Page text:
news 2020



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Pharmacology - Social Sciences - 20.01.2020
Racial disparities in drug prescriptions for dementia
Disparities in drug prescribing suggest that black and Asian people with dementia are not receiving the same quality of care as their white peers, according to a new UCL-led study in the UK. Asian people with dementia are less likely to receive anti-dementia drugs, and take them for shorter periods, according to the findings published in Clinical Epidemiology .

Pharmacology - Health - 16.01.2020
Cheap roundworm drug found to enhance the effects of chemotherapy in prostate cancer
Scientists at the University of Glasgow and Cancer Research UK Beatson Institute have tested close to 1000 existing medicines and discovered that a cheap drug commonly used to treat parasitic worm infection could be a game-changing treatment for prostate cancer. Prostate cancer is the most common cancer affecting men and the second most common cause of cancer death for men in the UK.

Pharmacology - Health - 16.01.2020
Patients needed for irritable bowel syndrome trial
Patients needed for irritable bowel syndrome trial
Patients in GP surgeries in Bristol are being invited to take part in a large trial of low-dose amitriptyline for irritable bowel syndrome (IBS) lead by researchers from the universities of Bristol, Leeds and Southampton. IBS is a common gut disorder affecting one in ten people. Abdominal pain, bloating, and altered bowel habit affect patients' quality of life substantially and can force them to take days off work.

Pharmacology - Life Sciences - 16.01.2020
Probiotic drink could offer new way to combat antibiotic resistance
A probiotic drink could become a promising new weapon in the battle against antibiotic resistant bacteria, after a team of scientists at the University of Birmingham engineered and patented a key genetic element that can tackle the genetic basis of resistance. The team is now seeking funding for a clinical trial for the drink which has potential to work against many resistant bacteria commonly found in the human gut including E. coli, Salmonella and Klebsiella pneumoniae.

Pharmacology - Health - 15.01.2020
Stepping up to the challenge: studying drug dosage during an Ebola outbreak
A specialist technique used to study drugs has been completed for the first time during an outbreak of Ebola virus disease. The study published today in eBiomedicine was a collaboration of researchers from Sierra Leone and the University's of Glasgow, Oxford, Cambridge and the Liverpool School of Tropical Medicine.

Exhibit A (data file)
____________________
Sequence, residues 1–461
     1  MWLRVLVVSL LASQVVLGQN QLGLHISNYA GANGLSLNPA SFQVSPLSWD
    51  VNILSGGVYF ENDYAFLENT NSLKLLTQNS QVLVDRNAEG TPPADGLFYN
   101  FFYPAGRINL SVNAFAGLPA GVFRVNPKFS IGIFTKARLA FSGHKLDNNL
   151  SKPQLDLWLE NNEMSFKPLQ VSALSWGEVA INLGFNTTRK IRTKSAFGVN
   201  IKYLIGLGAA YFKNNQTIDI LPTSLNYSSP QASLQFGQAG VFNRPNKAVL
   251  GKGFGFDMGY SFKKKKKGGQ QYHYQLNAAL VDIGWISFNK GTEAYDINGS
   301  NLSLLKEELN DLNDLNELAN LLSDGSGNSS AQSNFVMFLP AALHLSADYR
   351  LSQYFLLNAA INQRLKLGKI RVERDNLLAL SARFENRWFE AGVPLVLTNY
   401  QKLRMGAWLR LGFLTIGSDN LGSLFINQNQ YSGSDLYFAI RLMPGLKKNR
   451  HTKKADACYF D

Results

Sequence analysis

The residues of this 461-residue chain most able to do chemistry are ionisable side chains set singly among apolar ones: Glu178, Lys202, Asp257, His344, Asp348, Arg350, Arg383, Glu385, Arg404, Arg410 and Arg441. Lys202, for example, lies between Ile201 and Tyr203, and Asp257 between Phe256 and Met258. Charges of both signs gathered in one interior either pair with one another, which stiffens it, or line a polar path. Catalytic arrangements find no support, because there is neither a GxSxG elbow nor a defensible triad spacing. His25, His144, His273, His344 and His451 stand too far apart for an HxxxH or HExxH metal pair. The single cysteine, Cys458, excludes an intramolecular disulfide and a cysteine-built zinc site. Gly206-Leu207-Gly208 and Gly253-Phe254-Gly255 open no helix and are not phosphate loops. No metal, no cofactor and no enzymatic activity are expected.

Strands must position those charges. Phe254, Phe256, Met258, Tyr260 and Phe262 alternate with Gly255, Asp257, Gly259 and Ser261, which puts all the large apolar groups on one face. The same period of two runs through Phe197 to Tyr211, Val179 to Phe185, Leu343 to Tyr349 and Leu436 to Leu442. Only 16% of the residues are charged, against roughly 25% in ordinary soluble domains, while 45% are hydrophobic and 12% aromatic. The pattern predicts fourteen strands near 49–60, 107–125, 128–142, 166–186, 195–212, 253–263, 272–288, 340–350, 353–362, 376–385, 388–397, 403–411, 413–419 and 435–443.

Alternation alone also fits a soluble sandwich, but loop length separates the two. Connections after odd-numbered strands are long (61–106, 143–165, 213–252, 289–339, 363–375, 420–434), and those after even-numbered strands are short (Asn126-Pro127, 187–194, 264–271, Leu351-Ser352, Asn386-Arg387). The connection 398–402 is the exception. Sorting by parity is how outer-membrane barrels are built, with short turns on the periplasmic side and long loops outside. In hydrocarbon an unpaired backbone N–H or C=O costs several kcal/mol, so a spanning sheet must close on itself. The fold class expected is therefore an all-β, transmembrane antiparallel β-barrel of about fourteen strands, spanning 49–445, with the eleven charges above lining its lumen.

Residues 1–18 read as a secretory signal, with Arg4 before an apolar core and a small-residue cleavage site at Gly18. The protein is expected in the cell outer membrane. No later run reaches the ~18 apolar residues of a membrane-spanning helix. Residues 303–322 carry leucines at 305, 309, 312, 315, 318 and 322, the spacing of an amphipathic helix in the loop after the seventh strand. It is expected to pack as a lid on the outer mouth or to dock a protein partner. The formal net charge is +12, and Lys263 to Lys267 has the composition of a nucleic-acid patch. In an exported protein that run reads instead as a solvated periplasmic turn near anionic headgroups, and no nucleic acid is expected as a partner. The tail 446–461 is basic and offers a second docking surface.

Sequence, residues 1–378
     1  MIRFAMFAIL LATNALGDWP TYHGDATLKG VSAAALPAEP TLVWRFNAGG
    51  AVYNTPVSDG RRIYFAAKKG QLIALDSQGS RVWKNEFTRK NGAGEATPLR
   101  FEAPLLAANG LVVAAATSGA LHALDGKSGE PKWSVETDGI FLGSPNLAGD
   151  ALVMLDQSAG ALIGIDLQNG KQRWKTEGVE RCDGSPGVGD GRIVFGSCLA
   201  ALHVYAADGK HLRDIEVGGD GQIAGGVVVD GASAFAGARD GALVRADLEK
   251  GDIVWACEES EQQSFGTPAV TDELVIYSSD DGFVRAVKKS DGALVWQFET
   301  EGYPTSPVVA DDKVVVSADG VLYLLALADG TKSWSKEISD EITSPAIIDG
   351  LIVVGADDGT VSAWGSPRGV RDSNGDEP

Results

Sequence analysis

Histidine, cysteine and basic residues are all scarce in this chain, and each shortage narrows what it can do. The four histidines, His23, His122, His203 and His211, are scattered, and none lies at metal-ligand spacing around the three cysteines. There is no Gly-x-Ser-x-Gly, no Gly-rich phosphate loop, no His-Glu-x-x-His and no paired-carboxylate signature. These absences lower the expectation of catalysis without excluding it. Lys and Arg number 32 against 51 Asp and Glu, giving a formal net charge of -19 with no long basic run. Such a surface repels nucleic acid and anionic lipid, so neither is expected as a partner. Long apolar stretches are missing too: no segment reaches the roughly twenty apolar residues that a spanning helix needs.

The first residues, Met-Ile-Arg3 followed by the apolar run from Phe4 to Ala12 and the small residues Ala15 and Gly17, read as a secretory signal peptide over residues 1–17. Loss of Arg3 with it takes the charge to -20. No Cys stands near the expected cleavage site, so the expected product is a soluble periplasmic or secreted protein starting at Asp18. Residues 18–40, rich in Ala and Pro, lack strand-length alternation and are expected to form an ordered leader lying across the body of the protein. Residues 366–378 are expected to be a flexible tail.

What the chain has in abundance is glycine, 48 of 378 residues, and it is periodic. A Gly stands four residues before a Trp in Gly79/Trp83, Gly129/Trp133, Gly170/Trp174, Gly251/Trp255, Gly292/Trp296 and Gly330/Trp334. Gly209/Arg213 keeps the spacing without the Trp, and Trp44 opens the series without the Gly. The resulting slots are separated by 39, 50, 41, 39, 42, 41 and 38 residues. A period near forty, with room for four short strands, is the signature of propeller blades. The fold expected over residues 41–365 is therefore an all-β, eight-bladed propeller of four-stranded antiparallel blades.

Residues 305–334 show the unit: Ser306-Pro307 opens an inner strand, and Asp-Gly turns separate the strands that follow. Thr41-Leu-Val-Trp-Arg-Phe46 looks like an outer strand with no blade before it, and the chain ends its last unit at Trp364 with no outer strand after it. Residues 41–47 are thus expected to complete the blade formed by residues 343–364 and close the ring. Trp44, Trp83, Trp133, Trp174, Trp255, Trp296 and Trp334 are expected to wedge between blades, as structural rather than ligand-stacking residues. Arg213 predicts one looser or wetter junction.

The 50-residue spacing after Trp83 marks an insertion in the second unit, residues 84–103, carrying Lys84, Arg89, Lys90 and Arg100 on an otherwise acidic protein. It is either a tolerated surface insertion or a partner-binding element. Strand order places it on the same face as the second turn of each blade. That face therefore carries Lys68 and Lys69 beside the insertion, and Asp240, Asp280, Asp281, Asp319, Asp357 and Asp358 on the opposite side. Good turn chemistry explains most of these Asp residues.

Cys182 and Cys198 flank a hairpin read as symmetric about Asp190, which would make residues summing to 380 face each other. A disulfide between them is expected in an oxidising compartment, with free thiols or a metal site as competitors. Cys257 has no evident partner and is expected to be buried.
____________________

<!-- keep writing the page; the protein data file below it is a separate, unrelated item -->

Health - Pharmacology - 14.01.2020
Routine HIV screening in general practice boosts testing and early diagnosis
Offering HIV screening to new patients in general practice on a routine basis increases testing rates and improves detection and earlier diagnosis, according to research co-led by UCL and Queen Mary University of London HIV testing rates in general practice are low, despite testing being recommended in UK and international guidelines.

Health - Pharmacology - 13.01.2020
Reducing the risk of blood clots in artificial heart valves
Reducing the risk of blood clots in artificial heart valves
People with mechanical heart valves need blood thinners on a daily basis, because they have a higher risk of blood clots and stroke. Researchers at the ARTORG Center of the University of Bern, Switzerland, now identified the root cause of blood turbulence leading to clotting. Design optimization could greatly reduce the risk of clotting and enable these patients to live without life-long medication.

Health - Pharmacology - 13.01.2020
Access to Medicare increases cancer detection, reduces cancer mortality rate
Access to Medicare significantly impacts detection of certain cancers and life expectancy following cancer diagnosis, according to a new study from the UW School of Medicine and Public Health that was recently published online in the Journal of Policy Analysis and Management .

Health - Pharmacology - 10.01.2020
Collaboration improves odds of educating patients about HIV prevention pill
With recent news on social media regarding misinformation about HIV prevention pills, it's increasingly important for patients at high risk of getting the virus to be accurately informed. But who can best educate patients about HIV prevention? Social work and public health service providers-also known as psychosocial providers-are poised to educate patients about Pre-Exposure Prophylaxis, or PrEP, before linking them to primary care providers who can prescribe the medication, according to a new University of Michigan study.